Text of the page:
Poland has a really big problem with shame culture. We hate people who unapologetically want to be themselves. LGBTQ individuals in Poland are scared of holding hands on the street or wearing make-up. If you do, you get called a faggot. The Polish government constantly sends negative signals about LGBTQ people through the national media, often saying we want to “hurt kids.” As long as you’re doing things behind closed doors, it’s OK. But if you dare to show some affection in public, you’re in danger. My friend was assaulted on public transport for wearing rainbow laces in their shoes. I personally have been approached by random men threatening me for wearing rainbow colours. So yes, life is really that bad for us in Poland. What’s next? They’re going to put us in ghettos?
Do you speak to your family about politics?
Yes and no. When I do, I try not to talk about subjects that could cause tension. Me and my family are polar opposites politically. It’s not always been like that though – when I was younger I was a PiS supporter, I was even a member of their youth club.
What about being a nephew of the Prime Minister? Is it more of a blessing or a curse? I can imagine it’s a bit of both.
The moment I realised that my uncle was going to be Prime Minister, I knew it was gonna be a curse. 20 minutes after his appointment, I started getting messages from haters. For me, it’s pretty much neutral. It would indeed be a blessing if I wanted to take advantage of this in any way. Let’s say I’m really sick and I want to ask him to take me to a private hospital by helicopter. Then it would be a real blessing. But I’m not planning on doing that. However, a certain professor of psychology told me it’s a blessing, but in a different way. Even though I don’t support his views, thanks to him I have a voice. It’s a curse when everyone’s looking at you as a PM’s nephew, not Franek Broda.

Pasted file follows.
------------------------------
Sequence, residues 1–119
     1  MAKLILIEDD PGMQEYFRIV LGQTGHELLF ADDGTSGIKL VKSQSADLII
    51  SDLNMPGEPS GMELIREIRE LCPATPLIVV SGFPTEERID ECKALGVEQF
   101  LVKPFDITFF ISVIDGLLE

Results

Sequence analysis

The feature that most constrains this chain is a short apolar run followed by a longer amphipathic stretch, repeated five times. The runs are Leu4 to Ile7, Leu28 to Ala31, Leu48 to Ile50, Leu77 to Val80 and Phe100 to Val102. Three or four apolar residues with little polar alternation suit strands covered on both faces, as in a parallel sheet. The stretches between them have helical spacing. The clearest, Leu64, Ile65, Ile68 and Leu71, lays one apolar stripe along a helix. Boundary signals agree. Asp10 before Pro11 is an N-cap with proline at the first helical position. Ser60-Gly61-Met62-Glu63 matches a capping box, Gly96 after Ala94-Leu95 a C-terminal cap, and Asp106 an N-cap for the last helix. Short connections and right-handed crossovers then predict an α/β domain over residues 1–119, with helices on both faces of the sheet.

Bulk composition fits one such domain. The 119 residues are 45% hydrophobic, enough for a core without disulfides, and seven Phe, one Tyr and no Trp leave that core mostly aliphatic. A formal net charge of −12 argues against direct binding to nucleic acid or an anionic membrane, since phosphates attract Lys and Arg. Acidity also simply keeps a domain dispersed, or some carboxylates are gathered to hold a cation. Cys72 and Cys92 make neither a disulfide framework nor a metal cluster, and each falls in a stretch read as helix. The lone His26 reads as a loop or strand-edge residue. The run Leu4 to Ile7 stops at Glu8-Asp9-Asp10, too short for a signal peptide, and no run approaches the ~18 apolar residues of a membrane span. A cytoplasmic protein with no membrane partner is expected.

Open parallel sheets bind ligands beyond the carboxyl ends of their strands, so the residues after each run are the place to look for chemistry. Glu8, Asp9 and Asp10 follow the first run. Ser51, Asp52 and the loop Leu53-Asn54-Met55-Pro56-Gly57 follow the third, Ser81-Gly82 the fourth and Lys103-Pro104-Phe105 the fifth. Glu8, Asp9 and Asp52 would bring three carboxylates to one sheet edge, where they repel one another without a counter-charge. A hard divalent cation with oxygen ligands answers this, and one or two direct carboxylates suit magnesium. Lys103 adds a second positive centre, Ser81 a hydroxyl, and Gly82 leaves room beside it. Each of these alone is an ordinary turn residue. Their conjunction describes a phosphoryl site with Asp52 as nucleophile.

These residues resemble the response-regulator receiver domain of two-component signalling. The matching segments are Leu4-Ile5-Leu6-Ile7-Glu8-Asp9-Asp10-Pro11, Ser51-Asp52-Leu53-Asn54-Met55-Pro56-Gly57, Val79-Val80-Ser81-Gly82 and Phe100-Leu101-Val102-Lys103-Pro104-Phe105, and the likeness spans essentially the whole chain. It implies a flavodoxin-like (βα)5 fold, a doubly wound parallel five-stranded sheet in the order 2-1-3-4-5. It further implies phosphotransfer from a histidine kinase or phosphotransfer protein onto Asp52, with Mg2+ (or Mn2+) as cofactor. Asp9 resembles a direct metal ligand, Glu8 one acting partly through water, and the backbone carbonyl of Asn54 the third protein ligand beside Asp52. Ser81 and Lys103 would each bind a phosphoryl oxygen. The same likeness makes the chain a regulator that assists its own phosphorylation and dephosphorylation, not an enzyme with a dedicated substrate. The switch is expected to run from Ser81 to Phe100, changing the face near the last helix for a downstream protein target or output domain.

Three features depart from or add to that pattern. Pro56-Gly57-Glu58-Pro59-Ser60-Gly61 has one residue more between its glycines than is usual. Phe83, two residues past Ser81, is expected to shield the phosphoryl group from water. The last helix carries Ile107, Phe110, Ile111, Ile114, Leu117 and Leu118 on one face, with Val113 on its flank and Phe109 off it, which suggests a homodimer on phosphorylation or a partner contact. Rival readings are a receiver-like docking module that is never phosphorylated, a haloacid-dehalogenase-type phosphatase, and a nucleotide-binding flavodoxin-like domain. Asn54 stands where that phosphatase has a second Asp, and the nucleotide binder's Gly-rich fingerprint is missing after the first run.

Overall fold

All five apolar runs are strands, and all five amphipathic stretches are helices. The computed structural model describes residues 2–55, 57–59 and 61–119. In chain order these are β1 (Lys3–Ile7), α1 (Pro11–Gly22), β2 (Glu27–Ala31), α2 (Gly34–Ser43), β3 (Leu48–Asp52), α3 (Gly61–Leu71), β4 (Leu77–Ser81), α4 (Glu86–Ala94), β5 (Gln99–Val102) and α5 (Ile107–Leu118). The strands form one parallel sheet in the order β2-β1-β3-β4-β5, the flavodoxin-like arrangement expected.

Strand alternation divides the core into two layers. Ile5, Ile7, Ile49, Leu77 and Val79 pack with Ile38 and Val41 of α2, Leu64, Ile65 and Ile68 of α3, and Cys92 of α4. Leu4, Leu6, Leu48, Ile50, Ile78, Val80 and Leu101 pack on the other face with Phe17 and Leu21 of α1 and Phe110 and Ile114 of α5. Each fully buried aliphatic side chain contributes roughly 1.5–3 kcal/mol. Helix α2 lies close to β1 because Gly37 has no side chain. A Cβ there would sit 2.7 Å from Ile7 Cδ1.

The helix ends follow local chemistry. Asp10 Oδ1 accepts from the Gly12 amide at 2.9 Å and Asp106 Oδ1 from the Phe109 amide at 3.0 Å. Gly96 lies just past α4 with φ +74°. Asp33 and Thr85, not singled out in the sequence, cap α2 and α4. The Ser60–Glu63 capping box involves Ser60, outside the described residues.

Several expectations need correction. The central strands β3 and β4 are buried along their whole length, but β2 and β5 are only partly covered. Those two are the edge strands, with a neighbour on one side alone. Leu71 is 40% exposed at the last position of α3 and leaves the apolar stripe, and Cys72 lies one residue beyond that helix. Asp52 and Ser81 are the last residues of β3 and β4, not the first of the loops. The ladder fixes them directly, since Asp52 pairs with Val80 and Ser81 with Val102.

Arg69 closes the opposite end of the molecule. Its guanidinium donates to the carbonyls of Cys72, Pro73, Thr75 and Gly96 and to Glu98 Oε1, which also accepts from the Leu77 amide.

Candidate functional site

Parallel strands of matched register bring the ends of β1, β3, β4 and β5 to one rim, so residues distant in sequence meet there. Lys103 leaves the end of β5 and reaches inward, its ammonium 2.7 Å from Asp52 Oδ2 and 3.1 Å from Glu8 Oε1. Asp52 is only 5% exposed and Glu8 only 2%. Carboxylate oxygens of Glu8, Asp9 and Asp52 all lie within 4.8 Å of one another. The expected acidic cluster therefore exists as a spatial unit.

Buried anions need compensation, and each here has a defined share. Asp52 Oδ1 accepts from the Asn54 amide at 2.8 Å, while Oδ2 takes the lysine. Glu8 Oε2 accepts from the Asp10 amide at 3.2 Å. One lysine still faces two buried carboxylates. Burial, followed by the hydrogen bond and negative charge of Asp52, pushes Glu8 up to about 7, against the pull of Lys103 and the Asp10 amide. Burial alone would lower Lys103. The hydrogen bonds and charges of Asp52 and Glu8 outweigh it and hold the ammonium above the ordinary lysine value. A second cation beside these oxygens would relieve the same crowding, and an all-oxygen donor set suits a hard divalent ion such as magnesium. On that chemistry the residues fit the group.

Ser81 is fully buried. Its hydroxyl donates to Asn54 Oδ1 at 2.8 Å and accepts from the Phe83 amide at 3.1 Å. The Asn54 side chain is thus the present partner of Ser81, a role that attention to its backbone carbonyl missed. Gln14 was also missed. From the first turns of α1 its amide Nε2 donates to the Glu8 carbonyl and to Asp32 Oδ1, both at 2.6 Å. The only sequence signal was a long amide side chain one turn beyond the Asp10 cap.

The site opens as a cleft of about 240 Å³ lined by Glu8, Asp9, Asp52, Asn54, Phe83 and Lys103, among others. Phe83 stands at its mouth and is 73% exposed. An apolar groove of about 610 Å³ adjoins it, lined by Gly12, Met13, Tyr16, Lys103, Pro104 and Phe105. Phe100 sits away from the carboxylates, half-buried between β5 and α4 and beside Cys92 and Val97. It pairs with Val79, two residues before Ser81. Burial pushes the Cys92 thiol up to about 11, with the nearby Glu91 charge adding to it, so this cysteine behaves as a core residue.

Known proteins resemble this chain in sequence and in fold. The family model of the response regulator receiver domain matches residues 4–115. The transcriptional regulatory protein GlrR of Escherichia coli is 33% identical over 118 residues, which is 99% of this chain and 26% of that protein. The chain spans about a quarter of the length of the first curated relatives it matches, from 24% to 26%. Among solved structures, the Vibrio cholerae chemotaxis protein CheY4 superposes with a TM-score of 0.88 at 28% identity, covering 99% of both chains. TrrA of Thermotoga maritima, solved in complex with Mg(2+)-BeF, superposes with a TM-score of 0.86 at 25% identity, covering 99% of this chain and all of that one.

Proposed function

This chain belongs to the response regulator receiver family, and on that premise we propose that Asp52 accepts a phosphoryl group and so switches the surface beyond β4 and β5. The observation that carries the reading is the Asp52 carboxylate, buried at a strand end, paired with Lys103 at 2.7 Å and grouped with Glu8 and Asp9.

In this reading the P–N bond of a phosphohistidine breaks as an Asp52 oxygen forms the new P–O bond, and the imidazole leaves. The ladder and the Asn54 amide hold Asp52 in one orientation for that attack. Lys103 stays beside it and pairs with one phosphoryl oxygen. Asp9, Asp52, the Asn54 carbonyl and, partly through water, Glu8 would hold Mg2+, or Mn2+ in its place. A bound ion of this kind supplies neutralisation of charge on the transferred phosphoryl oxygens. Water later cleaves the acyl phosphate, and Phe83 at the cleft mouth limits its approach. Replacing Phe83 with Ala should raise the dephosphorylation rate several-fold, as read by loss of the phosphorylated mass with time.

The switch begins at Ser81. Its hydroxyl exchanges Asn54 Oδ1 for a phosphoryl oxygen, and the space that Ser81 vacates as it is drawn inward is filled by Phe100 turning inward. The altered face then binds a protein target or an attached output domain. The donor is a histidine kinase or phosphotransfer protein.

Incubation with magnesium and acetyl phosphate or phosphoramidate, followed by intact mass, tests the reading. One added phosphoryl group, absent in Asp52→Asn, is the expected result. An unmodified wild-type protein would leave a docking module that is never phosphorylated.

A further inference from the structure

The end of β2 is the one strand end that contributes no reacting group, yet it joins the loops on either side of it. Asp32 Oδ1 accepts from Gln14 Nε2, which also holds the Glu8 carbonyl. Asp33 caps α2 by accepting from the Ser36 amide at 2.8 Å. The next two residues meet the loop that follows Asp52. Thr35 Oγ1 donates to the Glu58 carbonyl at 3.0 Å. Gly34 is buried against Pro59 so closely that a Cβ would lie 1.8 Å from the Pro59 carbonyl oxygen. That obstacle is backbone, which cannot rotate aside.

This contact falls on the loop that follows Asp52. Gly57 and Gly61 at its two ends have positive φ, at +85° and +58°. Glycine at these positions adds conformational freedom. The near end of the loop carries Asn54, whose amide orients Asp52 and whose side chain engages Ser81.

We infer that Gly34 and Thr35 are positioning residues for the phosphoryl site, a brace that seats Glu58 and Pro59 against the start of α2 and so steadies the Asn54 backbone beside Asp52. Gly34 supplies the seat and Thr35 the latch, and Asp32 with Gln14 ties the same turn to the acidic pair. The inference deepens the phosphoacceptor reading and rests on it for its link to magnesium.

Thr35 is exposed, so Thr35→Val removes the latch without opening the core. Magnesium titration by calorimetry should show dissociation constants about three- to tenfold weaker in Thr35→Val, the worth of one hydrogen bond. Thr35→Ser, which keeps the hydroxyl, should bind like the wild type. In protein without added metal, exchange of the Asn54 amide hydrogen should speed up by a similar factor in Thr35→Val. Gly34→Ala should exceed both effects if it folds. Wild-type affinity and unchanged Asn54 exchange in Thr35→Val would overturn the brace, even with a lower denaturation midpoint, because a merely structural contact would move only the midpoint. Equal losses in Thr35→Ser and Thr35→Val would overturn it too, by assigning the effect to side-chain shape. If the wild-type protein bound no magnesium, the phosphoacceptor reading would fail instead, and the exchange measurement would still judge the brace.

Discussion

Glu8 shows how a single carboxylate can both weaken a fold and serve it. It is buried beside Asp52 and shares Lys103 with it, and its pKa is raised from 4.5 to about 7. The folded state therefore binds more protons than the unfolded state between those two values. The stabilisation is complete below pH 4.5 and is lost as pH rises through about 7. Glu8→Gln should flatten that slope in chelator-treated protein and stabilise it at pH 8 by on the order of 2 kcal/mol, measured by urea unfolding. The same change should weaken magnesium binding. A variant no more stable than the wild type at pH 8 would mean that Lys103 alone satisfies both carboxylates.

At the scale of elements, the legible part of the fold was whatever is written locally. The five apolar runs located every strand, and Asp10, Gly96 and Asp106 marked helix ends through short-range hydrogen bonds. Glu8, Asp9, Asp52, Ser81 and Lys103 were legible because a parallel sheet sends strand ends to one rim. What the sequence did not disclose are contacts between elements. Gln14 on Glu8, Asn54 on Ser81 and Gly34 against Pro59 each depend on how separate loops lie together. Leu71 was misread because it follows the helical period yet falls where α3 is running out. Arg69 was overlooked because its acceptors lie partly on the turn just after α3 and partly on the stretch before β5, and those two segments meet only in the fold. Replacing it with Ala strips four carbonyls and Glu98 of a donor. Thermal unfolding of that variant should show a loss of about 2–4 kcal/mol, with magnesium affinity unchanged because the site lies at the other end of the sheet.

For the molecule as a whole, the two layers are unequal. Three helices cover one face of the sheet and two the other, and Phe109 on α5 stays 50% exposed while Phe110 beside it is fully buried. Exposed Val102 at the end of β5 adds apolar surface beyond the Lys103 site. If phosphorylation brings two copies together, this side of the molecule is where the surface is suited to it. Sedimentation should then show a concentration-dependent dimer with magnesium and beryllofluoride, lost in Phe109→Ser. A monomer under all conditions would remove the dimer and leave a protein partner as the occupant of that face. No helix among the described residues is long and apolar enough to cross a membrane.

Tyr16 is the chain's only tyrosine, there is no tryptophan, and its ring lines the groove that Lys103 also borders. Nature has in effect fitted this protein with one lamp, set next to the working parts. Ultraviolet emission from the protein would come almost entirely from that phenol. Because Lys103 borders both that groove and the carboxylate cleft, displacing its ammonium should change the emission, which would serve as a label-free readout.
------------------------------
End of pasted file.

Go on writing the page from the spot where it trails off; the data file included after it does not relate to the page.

What about everyday situations?
Once I went to a local shop and the lady at the checkout asked if I was the Prime Minister’s nephew, because they used to stock a newspaper I was in [a photo of Broda was on the front page]. Most of the time, I’m in a position where only politically-oriented people know who I am. Otherwise, I’m just Franek Broda, that’s how I introduce myself.
How do you view your uncle and your family now?
I have respect for everyone in my family. Prime Minister is Prime Minister, uncle is uncle. If I criticise him, I criticise the Prime Minister, not my uncle. The papers always make it look like it’s the other way around, unfortunately. I love my family. I can separate family from politics.
Why do you think everyone wants to set you against your uncle?
For the clicks. If it clicks, it’s all that matters. Of course, it would be very lucrative for both me and them to come up with a headline such as “Franek Broda says fuck you to his PM uncle”, but I’m not interested in popularity. I want to see real change.